Support for connected devices is on the rise globally, but data security is a rising concern that is causing many consumers to rethink the trend of sharing information among connected devices, reports Unisys.
The 2018 Unisys Security Index finds people across the globe are more concerned about losing their identities (68 per cent seriously concerned) or bank card fraud (66 per cent seriously concerned) than they are about possible physical harm related to disasters or epidemics (53 per cent seriously concerned) or personal safety (50 per cent seriously concerned).
Only 33 per cent of Kiwis are comfortable using their Facebook accounts to access apps
The findings are the same in New Zealand, and Unisys says this is impacting consumer take up of new digital identity based services.
The majority of New Zealanders who participated in the global survey are comfortable using some form of a digital identity to interact with government organisations, but support falls dramatically for using digital identities to access services from commercial or financial providers.
Kiwis cite data security as the main reason for not being comfortable, highlighting the critical role data security plays in gaining consumer trust and willingness to embrace new services.
When it comes to sharing personal information from internet-enabled wearable devices with organisations, New Zealanders want control of what data is shared with whom, and when – rather than allow unfettered access to the data.
The results indicate that consumers want control over what data they share and where, when and with whom they share it via IoT - and the right to decide if the reason for sharing is compelling enough.
Reflecting this, support is most robust for emergency help apps that are triggered manually or automatically by the user. The vast majority of New Zealanders, 84 per cent, support an emergency button on their smartphones or smartwatches to send their location to police if help is needed.
Three-quarters (76 per cent) support medical devices such as blood sugar sensors or pacemakers that immediately transmit significant changes to their doctors.
In contrast, there is little support for – and strong opposition to – health insurance providers tracking customers’ fitness activity via wearable monitors (23 per cent support, 64 per cent do not) and apps on their smartwatches from bank or credit card companies to make payments (31 support, 50 per cent do not support).
The most significant change over the last year is that slightly more New Zealanders support police accessing wearable Fitbit data at their discretion - up year on year from 31 to 37 per cent in 2018.
The top reasons given for not supporting data-sharing from wearable devices are lack of a compelling reason or not wanting that organisation to hold the individual's data – except for the smartwatch payment app for which the top concern is data security.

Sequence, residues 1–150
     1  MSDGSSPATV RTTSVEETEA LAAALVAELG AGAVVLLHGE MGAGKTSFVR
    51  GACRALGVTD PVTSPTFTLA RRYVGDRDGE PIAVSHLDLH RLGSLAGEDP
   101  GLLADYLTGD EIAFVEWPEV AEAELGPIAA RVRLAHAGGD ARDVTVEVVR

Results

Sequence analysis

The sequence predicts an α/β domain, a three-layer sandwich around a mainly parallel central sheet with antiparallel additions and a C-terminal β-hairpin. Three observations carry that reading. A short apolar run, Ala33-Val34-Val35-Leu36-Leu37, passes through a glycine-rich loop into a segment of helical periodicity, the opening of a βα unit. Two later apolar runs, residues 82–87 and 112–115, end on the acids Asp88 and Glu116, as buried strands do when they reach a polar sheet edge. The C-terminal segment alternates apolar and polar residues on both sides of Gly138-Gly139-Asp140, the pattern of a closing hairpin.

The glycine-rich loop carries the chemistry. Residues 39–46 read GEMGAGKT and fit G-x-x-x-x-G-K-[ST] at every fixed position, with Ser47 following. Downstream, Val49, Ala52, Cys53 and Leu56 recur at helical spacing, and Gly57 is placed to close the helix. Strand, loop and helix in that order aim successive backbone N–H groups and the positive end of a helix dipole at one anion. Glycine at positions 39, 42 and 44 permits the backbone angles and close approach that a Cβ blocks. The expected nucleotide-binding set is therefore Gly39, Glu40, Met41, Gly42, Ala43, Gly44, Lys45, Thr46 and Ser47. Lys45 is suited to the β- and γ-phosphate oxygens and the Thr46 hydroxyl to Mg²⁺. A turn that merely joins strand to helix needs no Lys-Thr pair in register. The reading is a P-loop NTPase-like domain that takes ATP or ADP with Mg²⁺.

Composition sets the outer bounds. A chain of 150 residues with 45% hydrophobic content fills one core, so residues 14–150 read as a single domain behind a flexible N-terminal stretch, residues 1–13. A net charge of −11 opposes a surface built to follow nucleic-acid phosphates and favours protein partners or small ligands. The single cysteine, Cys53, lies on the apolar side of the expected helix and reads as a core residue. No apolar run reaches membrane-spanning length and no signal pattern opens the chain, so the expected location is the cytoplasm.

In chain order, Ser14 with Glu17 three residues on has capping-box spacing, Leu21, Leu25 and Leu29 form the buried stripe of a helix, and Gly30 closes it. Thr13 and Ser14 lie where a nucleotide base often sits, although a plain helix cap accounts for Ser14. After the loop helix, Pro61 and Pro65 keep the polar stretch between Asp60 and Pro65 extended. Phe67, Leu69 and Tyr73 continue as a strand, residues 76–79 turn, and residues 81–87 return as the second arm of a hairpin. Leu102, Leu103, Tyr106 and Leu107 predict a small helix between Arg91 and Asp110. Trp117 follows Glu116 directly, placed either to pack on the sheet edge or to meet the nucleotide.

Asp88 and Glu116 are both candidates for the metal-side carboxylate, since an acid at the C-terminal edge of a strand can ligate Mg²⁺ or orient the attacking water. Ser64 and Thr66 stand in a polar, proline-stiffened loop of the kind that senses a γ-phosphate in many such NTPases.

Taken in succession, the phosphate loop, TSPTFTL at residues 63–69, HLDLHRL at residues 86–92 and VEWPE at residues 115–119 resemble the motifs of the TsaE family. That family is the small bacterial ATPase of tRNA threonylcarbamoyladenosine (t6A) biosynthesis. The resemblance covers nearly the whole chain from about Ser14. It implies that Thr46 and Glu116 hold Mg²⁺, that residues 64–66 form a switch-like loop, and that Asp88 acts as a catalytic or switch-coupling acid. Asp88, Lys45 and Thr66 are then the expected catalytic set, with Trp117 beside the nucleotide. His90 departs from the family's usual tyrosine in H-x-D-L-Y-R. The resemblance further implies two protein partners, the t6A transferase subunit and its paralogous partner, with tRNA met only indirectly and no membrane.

The findings indicate that New Zealanders are more likely to embrace sharing their information via Internet of Things or connected devices when they see a compelling reason such as personal safety and medical emergencies
“The results indicate that New Zealanders are more likely to embrace digital identities to engage with government organisations, especially where there are clear benefits of increased convenience or security,” says Andrew Whelan, vice president commercial industries, Unisys Asia Pacific.
“But in the banking sector, concerns about data security are hindering the take up of new services such as digital wallets and the integrated financial products that are evolving in the growing open banking environment.
“To overcome this discomfort, service providers must be able to show New Zealand consumers the measures they’ve taken to protect customer data across the entire supply chain,” says Whelan.
The report indicates there is no “safe online” anymore, for consumers, businesses or governments, says Unisys.
It lists three steps organisations can take to strengthen their defences against cybersecurity opportunities that criminals have:
Adopt a zero-trust security model in your organisation that assumes all network traffic is a potential threat: With consumers expressing widespread anxiety about their online activities, it will be up to the private and public sector organisations that serve them to give them a greater sense of confidence. That means doing everything possible to protect the personal data they entrust to those organisations. A zero-trust approach to security means that organisations cannot afford to trust internal network traffic as legitimate, nor can they trust employees and partners to always be well-meaning and careful with systems and data.
Don’t neglect the security basics: With cyber threats growing around the world, IT professionals may be tempted to immediately adopt the latest and greatest technology – without first covering the basic precautions that are foundational to a successful strategy. While the latest security innovations can be essential tools for addressing cyber challenges, they won't help if organisations don't first address basic, common sense security practices like password protection.
Approach security with your clients, customers and constituents in mind: Businesses and governmental agencies must serve not just their internal stakeholders, but all of their constituents as well. In order to build trust among consumers, organisations must communicate to them the steps they are taking to safeguard their personal information in addition to educating consumers on steps they themselves should take to bolster security.
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